SUMMIT — Board members inspected the ongoing renovation of Boyd County Middle School on Tuesday, and aside from a few grumbles about tile choices in a hallway, comments were overwhelmingly laudatory.
“I’m pleased and excited with the progress. It will change the whole dynamics of the school. It’s going to be great for the kids,” said board chairman Bob Green.
Board members and administrators toured the building under the guidance of construction project leaders. They walked through completed, or almost completed, sections, including gleaming science labs, classrooms, locker areas, restrooms and the gymnasium.
Project leaders gave progress reports on ongoing and future phases of the renovation. The current phase, scheduled for completion by April, includes the front office complex, a block of classrooms at the back of the school and a home economics classroom in the former band space.
The office complex had been scheduled for a later phase, but was moved up when contractors elected to delay another step — filling in the Little Theater area adjacent to the cafeteria, according to project manager Ridge Bentley.
Offices and a reception area will be at the building’s front, which is being enlarged to add space.
After that, work will turn to another classroom block to be ready by summer.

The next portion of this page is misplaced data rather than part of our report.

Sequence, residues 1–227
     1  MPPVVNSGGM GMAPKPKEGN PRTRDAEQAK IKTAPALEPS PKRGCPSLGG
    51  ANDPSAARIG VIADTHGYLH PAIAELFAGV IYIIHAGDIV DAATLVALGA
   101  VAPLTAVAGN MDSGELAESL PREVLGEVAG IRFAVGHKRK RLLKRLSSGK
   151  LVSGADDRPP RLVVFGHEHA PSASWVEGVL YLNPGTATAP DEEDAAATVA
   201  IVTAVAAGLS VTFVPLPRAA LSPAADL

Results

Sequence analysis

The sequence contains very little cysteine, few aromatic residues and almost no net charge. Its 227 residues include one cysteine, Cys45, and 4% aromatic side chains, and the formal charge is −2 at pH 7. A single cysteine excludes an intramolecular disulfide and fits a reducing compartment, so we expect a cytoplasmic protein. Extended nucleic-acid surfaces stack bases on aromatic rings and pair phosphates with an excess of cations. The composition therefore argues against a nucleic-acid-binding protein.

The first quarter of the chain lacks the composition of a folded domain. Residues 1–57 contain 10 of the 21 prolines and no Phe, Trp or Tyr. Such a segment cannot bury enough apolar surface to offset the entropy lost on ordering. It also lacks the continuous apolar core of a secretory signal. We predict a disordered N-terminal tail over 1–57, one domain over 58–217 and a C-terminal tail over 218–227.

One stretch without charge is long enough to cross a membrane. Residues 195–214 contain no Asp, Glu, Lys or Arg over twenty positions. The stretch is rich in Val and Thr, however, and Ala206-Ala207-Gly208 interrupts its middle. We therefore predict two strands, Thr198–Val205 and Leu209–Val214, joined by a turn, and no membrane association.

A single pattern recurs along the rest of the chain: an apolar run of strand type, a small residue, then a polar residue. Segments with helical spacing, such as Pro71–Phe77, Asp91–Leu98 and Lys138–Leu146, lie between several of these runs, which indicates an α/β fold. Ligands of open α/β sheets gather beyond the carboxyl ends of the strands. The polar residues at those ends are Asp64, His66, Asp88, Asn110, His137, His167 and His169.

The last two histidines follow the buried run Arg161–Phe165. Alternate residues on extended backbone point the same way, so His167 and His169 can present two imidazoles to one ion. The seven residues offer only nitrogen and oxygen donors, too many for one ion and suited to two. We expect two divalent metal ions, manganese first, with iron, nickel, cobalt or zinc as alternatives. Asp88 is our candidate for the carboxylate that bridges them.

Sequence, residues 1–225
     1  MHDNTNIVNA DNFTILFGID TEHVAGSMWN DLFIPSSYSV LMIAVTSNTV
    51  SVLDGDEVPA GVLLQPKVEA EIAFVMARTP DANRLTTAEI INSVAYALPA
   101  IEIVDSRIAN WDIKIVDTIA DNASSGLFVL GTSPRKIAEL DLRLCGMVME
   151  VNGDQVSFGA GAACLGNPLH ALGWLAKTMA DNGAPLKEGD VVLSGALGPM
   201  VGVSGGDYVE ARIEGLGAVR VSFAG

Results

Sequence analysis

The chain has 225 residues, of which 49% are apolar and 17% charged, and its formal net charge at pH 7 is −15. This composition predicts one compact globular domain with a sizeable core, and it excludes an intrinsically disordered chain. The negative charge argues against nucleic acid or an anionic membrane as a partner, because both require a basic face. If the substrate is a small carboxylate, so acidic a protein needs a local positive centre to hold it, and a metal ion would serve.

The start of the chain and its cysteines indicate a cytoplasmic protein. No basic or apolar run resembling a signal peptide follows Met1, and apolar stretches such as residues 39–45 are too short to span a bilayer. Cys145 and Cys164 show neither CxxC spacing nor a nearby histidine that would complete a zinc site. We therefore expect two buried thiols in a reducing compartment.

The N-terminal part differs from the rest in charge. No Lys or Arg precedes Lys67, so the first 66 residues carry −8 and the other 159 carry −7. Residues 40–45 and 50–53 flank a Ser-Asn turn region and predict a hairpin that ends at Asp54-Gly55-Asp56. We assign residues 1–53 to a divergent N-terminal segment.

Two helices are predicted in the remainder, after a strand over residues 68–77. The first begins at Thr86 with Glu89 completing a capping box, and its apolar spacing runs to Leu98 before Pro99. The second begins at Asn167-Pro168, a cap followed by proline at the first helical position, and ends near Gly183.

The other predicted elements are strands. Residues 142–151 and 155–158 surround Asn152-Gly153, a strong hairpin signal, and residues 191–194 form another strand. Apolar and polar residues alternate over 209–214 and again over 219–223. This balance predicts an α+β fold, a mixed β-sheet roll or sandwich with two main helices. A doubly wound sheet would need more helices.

During the summer break, the cafeteria and kitchen will be overhauled.
The summer phase will pack a lot of work into eight weeks and coordination and tight scheduling are critical, Bentley said. In addition to the cafeteria and kitchen, the Little Theater will be leveled and work will be done on the roof and parking lot.
The final phase involves moving the library to the center of the building. The library will be larger and have glass walls similar to those at Boyd County High School.
“It will be a 21st-century media center, a learning center at the center of the school. It’s been a successful concept at the high school,” said educational facility planner Kevin Cheek of the Sherman Carter Barnhart architectural firm that designed the renovation.
Also in the final phase will be more classrooms and the relocated band and art rooms.
The phased renovation allows classes to continue by shifting students to completed sections so work can commence in other parts of the building. The sixth grade has been moved to the old high school, now called the Heritage Building, for the duration. Sections under construction are blocked for safety by temporary walls.
“They’re flexible. The kids are loving their new spaces. They go with the flow,” said Principal Kimberly Fitch.
The renovation is scheduled for completion in mid-December, but the sixth grade will remain at the Heritage Building until the end of the 2017-18 school year rather than put students through the disruption of a move, Superintendent Brock Walter said.
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